Wall St slips for third day as Fed, Ukraine weigh

By Bansari Mayur Kamdar and Praveen Paramasivam

(Reuters) -Wall Street’s main indexes fell for a third straight session on Thursday, as growth stocks extended losses on concerns over a more hawkish Federal Reserve and the war in Ukraine.

The tech-heavy Nasdaq took the biggest hit among the three main indexes, falling more than 1% and adding to a near 4.5% drop over the past two sessions.

Mega-cap growth stocks have come under pressure this week after comments from Fed policymakers and minutes from the central bank’s March meeting suggested a rapid removal of stimulus measures put in place during the pandemic.

St. Louis Federal Reserve President James Bullard said the the U.S. central bank’s short term policy rate should reach 3.5% later this year.

Minutes released on Wednesday showed that Fed officials “generally agreed” to cut up to $95 billion a month from the central bank’s asset holdings even as the war in Ukraine tempered the first U.S. interest rate increase since 2018.

Traders now see 88.9% likelihood of a 50 basis points rate hike at the central bank’s meeting next month. [IRPR]

“There’s really nothing to support the markets probably between now and the earning season,” said Anastasia Amoroso, chief investment strategist at iCapital Network, an investment marketplace firm.

“The realization for investors continues that the Fed is still not at max hawkishness and we’re going to err on the side of them wanting to do more to continue to control inflation. Against that backdrop, it’s really a struggle for equities to perform.” Tesla Inc, Meta Platforms Inc, Apple Inc, Amazon.com Inc and Alphabet Inc fell between 0.7% and 2.4%.

Meanwhile, defensive stocks like consumer staples hit an all-time high.

Adding to the cautious mood, Russian Foreign Minister Sergei Lavrov said Ukraine had presented Moscow with a draft peace deal that contained “unacceptable” elements, while the U.S. Senate voted to remove “most favored nation” trade status for Russia in one bill and ban oil imports in another.

At 12:36 a.m. ET, the Dow Jones Industrial Average was down 164.08 points, or 0.48%, at 34,332.43, the S&P 500 was down 23.02 points, or 0.51%, at 4,458.13, and the Nasdaq Composite was down 151.05 points, or 1.09%, at 13,737.76.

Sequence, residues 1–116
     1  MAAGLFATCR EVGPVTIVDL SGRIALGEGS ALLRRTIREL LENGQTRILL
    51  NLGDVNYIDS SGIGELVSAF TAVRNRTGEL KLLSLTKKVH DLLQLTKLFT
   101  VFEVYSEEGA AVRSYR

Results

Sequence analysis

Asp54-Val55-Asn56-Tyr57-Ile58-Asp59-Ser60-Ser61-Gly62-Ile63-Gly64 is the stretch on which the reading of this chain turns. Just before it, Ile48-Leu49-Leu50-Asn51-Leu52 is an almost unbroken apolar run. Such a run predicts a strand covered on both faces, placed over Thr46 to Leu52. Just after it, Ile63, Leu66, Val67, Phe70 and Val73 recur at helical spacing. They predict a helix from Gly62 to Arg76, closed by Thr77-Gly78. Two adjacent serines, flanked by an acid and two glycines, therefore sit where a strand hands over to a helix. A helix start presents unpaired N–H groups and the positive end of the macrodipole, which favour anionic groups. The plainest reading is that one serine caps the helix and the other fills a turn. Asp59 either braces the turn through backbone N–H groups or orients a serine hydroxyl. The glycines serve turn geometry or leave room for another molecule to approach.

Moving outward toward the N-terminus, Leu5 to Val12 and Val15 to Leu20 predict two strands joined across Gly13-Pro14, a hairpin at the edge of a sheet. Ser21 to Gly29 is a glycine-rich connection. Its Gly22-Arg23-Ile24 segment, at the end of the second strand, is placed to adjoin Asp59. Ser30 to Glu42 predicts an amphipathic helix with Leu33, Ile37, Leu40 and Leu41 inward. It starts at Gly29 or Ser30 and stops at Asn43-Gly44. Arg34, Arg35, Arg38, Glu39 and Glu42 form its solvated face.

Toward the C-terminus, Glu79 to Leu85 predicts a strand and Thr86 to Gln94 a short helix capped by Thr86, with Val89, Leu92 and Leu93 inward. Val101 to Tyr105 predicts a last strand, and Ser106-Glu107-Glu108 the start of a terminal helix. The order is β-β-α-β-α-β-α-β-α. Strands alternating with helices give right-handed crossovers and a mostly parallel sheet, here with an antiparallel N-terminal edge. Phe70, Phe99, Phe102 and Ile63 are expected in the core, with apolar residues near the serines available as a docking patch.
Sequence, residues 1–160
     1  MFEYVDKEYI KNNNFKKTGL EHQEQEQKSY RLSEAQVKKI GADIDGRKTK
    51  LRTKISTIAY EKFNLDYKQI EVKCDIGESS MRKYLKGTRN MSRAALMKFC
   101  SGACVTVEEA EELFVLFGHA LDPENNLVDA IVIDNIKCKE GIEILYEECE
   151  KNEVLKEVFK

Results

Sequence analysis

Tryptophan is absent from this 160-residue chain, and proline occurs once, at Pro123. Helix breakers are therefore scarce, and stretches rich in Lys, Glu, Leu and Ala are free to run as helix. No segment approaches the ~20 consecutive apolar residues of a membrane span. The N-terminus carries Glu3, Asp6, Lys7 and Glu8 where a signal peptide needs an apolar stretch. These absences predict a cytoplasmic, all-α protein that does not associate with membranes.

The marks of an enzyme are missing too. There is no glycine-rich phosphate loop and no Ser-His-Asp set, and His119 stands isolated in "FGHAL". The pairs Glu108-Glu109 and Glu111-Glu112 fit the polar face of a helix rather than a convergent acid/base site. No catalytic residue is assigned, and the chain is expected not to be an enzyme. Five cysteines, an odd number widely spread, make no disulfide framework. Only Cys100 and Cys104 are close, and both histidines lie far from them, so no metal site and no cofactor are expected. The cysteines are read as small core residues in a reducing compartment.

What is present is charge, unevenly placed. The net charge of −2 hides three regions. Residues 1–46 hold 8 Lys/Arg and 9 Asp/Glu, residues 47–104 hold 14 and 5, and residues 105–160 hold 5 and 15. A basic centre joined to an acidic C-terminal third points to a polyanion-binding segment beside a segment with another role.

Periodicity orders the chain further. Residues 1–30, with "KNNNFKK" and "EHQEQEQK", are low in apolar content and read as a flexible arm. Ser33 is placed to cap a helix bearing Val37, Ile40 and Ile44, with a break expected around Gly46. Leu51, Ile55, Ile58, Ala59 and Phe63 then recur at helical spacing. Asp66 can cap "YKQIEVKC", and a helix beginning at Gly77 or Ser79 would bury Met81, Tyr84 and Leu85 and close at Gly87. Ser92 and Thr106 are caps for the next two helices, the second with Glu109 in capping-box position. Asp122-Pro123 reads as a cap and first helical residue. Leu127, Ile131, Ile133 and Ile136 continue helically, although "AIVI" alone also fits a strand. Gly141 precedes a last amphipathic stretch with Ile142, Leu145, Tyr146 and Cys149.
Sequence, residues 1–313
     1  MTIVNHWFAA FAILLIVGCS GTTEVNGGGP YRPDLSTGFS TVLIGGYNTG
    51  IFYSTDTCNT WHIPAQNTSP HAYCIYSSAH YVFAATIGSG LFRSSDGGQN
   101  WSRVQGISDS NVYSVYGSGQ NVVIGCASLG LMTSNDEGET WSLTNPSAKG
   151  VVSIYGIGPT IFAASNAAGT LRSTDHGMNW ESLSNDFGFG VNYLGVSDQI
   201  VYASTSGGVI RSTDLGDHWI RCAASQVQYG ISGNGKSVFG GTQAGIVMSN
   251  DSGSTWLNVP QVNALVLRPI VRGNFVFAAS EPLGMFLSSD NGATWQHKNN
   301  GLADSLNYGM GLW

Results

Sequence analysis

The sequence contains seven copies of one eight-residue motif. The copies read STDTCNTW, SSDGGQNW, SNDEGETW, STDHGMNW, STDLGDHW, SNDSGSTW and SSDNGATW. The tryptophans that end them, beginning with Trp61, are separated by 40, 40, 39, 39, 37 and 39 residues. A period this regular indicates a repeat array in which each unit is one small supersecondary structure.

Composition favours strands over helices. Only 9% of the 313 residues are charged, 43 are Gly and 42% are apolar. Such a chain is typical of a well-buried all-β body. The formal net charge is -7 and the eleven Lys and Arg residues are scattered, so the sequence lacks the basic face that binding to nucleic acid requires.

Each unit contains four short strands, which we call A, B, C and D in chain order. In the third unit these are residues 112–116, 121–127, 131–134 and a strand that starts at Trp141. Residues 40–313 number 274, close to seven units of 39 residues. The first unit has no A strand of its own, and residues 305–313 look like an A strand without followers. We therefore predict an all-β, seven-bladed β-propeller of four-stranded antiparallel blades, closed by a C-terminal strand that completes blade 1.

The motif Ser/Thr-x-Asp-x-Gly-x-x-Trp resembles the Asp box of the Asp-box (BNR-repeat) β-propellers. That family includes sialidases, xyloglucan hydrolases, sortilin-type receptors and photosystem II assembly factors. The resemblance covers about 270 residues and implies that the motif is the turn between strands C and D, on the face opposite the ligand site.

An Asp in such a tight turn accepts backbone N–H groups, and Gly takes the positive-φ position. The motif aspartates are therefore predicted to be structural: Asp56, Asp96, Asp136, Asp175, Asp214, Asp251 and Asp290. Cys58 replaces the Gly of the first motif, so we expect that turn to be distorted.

In economic news, data showed the number of Americans filing new claims for unemployment benefits fell last week, indicating a further tightening of labor market conditions heading into the second quarter that could contribute to keeping inflation elevated.

Among other movers, HP Inc jumped 16.4% after Warren Buffett’s Berkshire Hathaway Inc disclosed that it had purchased nearly 121 million shares of the personal computing and printing company.

American Airlines Group Inc, Delta Air Lines Inc, Southwest Airlines Co and United Airlines Holdings Inc fell between 3.0% and 5.0% after Barclays warned of a recent jump in oil prices hurting first-quarter earnings.

U.S. companies will start reporting first-quarter results in the coming weeks, with banks set to kick off the season in earnest next week.

Declining issues outnumbered advancers for a 2.36-to-1 ratio on the NYSE. Declining issues outnumbered advancers for a 2.64-to-1 ratio on the Nasdaq.

The S&P index recorded 28 new 52-week highs and 25 new lows, while the Nasdaq recorded 34 new highs and 183 new lows.

(Reporting by Bansari Mayur Kamdar and Praveen Paramasivam in Bengaluru; Editing by Sriraj Kalluvila and Anil D’Silva)

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